How far away is death? The danger in selfies
In the BBC article, “The dangerous art of the ultimate selfie,” technology reporter Jane Wakefield proclaimed, “If 2014 was the year of the selfie, then 2015 took the art of self-photography to a new and dangerous level.”
In her pursuit of studying the selfie, Wakefield discovered that, “People are, quite literally, dying to take a picture of themselves.
“In Russia this year there have been a handful of selfie-related fatalities, including the death of two men in the Ural Mountains who posed for a photo while pulling the pin from a hand grenade.
“And, in June, a university graduate died after trying to take a selfie while hanging from a Moscow bridge.”
Wakefield also came across an animal lover,Justine, pursuing a self-picture with wildlife when she came too close to a camel, as you can see in the featured image from Our Naked Australia (Twitter: @OurNakedAus).
She goes on to warn us about the danger of selfies, ”
“The problem isn’t just limited to Russia. In the US recently a man died after shooting himself in the neck while taking a selfie.
“At least 12 people have died this year while taking pictures of themselves making the practice more deadly than shark attacks, of which there have only been eight recorded deaths in 2015, according to tech news site Mashable.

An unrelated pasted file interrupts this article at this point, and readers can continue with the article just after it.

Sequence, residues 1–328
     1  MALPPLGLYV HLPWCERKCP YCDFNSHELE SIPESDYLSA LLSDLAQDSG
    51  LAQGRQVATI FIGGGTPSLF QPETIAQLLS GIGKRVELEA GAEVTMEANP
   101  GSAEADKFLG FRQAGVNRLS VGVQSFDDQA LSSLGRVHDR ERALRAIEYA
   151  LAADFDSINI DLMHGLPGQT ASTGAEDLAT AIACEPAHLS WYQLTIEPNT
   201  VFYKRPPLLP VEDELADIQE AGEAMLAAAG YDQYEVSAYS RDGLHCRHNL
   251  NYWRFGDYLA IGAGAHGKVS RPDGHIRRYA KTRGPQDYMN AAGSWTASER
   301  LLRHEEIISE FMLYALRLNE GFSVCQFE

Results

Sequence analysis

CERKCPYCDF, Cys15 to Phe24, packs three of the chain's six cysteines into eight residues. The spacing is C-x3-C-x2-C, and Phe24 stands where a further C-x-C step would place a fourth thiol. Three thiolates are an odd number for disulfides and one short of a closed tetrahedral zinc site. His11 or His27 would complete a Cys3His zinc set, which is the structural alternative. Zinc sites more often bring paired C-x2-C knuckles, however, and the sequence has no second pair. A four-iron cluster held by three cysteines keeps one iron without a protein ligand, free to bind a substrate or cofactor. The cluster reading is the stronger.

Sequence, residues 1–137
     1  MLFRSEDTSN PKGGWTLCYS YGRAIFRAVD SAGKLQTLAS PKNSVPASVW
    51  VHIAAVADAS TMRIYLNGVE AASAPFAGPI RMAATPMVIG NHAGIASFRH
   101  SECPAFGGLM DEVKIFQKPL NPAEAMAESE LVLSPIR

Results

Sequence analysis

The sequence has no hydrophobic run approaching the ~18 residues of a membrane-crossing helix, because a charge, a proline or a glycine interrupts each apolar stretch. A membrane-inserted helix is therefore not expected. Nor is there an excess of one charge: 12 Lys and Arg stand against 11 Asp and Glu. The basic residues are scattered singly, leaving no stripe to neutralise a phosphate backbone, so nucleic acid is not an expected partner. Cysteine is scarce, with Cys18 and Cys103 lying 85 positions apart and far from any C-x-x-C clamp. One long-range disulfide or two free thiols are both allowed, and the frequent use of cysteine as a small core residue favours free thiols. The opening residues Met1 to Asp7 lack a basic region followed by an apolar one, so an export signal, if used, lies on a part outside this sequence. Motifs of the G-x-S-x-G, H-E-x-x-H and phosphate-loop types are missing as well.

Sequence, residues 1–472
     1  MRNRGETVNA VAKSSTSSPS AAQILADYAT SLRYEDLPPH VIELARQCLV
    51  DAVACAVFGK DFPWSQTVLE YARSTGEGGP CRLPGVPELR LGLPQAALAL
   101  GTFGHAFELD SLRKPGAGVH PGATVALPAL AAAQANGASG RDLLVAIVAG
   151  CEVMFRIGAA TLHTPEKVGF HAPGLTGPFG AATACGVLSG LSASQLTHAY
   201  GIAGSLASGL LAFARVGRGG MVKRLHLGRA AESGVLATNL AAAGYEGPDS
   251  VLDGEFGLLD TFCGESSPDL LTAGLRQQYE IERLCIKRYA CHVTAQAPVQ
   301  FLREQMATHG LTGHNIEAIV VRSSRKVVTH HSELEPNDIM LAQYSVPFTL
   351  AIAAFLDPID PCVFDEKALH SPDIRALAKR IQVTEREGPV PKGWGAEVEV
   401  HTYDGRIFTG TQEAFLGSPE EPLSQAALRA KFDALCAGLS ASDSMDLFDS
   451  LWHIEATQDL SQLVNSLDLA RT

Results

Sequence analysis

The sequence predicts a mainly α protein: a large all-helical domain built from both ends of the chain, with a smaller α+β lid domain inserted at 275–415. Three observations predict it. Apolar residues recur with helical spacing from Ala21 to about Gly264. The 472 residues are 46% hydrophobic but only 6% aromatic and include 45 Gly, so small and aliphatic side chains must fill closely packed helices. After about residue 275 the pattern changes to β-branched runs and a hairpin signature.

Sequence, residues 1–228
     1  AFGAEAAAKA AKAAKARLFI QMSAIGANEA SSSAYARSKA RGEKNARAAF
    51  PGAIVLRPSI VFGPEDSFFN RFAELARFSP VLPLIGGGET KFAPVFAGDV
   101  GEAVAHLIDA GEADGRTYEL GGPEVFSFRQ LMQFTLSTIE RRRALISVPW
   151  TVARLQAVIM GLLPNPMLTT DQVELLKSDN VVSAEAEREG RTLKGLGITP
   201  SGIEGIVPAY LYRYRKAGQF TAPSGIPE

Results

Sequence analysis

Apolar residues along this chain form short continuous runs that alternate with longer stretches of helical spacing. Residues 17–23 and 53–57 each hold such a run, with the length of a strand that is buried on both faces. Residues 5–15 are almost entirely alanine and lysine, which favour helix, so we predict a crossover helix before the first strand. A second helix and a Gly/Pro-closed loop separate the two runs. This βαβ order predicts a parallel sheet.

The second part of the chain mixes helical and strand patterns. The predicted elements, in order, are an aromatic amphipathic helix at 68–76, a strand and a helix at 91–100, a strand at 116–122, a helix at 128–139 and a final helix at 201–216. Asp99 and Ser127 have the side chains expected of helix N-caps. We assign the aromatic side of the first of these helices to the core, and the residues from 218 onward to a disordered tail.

“The statistic is creating very real problems for governments.
“In August, officials at the Waterton Canyon in Colorado were forced to close the park after several people were caught getting a little too close to the wildlife.
“‘We’ve actually seen people using selfie sticks to try and get as close to the bears as possible, sometimes within 10 feet [3 metres],’ said recreation manager Brandon Ransom in a blog.
“And, at Yellowstone National Park, officials issued a warning after five separate incidents of selfie-takers being gored by bison.
“In Australia, a rock that looks like a wedding cake was fenced off because too many people were climbing it to take pre or post-wedding photos of themselves.”
“It may come down to pure bravado, thinks Lee Thompson – whose snap of himself on top of the Christ the Redeemer statue in Rio de Janeiro went viral in June 2014.
“‘People see pictures like mine and see how they spread across the world and see a way to make themselves famous for 15 minutes,’ he told the BBC.”
Source/photo content/credit: BBC Tech, “The dangerous art of the ultimate selfie,” by Jane WakeField, October 15, 2015.
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